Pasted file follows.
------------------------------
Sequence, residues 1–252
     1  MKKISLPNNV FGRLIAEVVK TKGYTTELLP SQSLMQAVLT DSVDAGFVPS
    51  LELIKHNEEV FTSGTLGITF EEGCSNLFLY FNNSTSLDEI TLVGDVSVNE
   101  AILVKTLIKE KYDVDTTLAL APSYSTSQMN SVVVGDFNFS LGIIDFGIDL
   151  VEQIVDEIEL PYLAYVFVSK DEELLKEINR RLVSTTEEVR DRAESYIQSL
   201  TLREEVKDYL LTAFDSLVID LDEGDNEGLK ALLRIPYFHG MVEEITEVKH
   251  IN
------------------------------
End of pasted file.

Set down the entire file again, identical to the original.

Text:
Sequence, residues 1–252
     1  MKKISLPNNV FGRLIAEVVK TKGYTTELLP SQSLMQAVLT DSVDAGFVPS
    51  LELIKHNEEV FTSGTLGITF EEGCSNLFLY FNNSTSLDEI TLVGDVSVNE
   101  AILVKTLIKE KYDVDTTLAL APSYSTSQMN SVVVGDFNFS LGIIDFGIDL
   151  VEQIVDEIEL PYLAYVFVSK DEELLKEINR RLVSTTEEVR DRAESYIQSL
   201  TLREEVKDYL LTAFDSLVID LDEGDNEGLK ALLRIPYFHG MVEEITEVKH
   251  IN